Not only that, but it almost feels as if Garcia is trying to explain to us what a procedural drama is. There are actually five whole pages dedicated just to talking about well-known serial killers and how they relate to insanity – talking about how meticulous they were in their crimes, and how people are drawn to them as a result. I suppose to someone who has only read the traditional superhero comic, this could be an interesting transition into the world of crime fiction… but to me, it feels like a story I’ve seen done to death, with the name “Joker” plastered on the crime of the week.

Obviously, it isn’t all bad – to imply the art is anything less than meticulously crafted would be silly. Mico Suayan and Mike Mayhew are clearly giving this book their all, and it’s easy to imagine this as a real procedural drama you could be watching on TV. The depictions of the characters look incredibly lifelike, and there’s mood emanating from every panel. Props to Suayan for this wonderful opening shot of Harley, and the sheer effort you can tell he put into every crease of her jacket.

Suayan handles the black-and-white, present-day scenes, while Mayhew covers the flashbacks – such as when Harley arrives home to find her “roommate” (sure, Jan) the subject of a crime scene, or a flashback that tells the story behind a previous murder victim. Mayhew’s coloring is a pleasant breather from the dreary mood of the present-day content, and it creates a nice contrast. In the second flashback, he portrays a harrowing scene (with some flimsy logic behind it…) with wonderful, murky effectiveness, which might not have worked as well in black and white.

My main issue with both of these artists is that realism can be a detriment – comics are limited in the realism front, in that you don’t have the ability to present actors conveying their emotions from frame to frame. A comic panel needs to be a still life of that emotion, and that’s just easier with a stylized perspective; here, many of the panels start to fall into the uncanny valley, where the faces look just shy of being realistic to be a little creepy. It’s not too prominent, but it might occasionally hit you as you’re reading the story.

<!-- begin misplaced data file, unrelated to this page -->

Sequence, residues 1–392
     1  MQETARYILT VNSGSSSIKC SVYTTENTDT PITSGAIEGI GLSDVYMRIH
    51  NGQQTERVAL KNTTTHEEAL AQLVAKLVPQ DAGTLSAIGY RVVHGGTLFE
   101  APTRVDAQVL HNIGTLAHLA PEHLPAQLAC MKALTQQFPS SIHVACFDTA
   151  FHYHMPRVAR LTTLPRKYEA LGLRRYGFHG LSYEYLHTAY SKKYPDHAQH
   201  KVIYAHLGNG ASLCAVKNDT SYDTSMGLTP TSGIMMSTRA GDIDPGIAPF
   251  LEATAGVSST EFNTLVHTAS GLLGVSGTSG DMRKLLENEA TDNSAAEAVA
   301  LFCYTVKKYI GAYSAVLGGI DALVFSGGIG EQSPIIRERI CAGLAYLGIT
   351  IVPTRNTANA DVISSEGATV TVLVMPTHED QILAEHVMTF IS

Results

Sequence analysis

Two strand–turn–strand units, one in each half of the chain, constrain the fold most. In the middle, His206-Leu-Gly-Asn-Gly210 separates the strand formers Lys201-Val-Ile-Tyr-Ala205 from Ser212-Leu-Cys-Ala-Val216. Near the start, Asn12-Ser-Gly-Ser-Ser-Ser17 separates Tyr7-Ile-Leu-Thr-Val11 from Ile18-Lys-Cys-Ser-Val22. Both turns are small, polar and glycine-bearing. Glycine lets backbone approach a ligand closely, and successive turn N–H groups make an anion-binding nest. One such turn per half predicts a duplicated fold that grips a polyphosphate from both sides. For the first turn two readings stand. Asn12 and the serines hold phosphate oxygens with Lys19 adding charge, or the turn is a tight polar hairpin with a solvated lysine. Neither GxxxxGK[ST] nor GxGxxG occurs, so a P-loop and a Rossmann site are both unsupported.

…Also, what the hell is this panel?

All of these elements come together to create what is essentially a crime thriller that we’re seeing in a comic for lack of a better budget. If it were a unique or compelling crime thriller in any way, that would be one thing… but so far, I don’t see it. The issue culminates in a scene where Harley arrives at the next crime scene (which we don’t see), and she spouts a rather cliché monologue about the nature of evil.

…Oh, sorry, were you expecting more? Yeah, no, that’s the last line of the issue. No hook for the next issue, no question to ponder, no resolution, and no cliffhanger or stinger to reel us back in. The comic just… sort of ends.

So.

Recommended If…

  • Joker and Harley are characters you just need to see in every format, every genre, every setting. Joker isn’t in this issue, by the way.
  • Hannibal has been cancelled for too long and you just NEED that fix (and don’t want to look for another crime show).
  • You’ve never seen or read a crime procedural, and you want to be introduced to the genre.
  • You wanna stare at the pretty pictures. And they ARE pretty.

Overall

This is a very “my mom just bought a new crime novel and she’s reading it aloud at night” kind of story. It’s not particularly intriguing so far, beyond how any crime story is intriguing: there’s a murder and you want to catch the guy. Harley isn’t that interesting here, Gordon isn’t that interesting here, and I’m not really seeing many other characters stepping in to fill that void. Hopefully in future issues, we’ll see the series go beyond that, but judging by the scenes trying to convey emotion in this issue, I’m not sure if we’re going to see it pay off.

Score: 5/10

Disclaimer: DC Comics provided Batman News with an advance copy of this comic for the purpose of this review.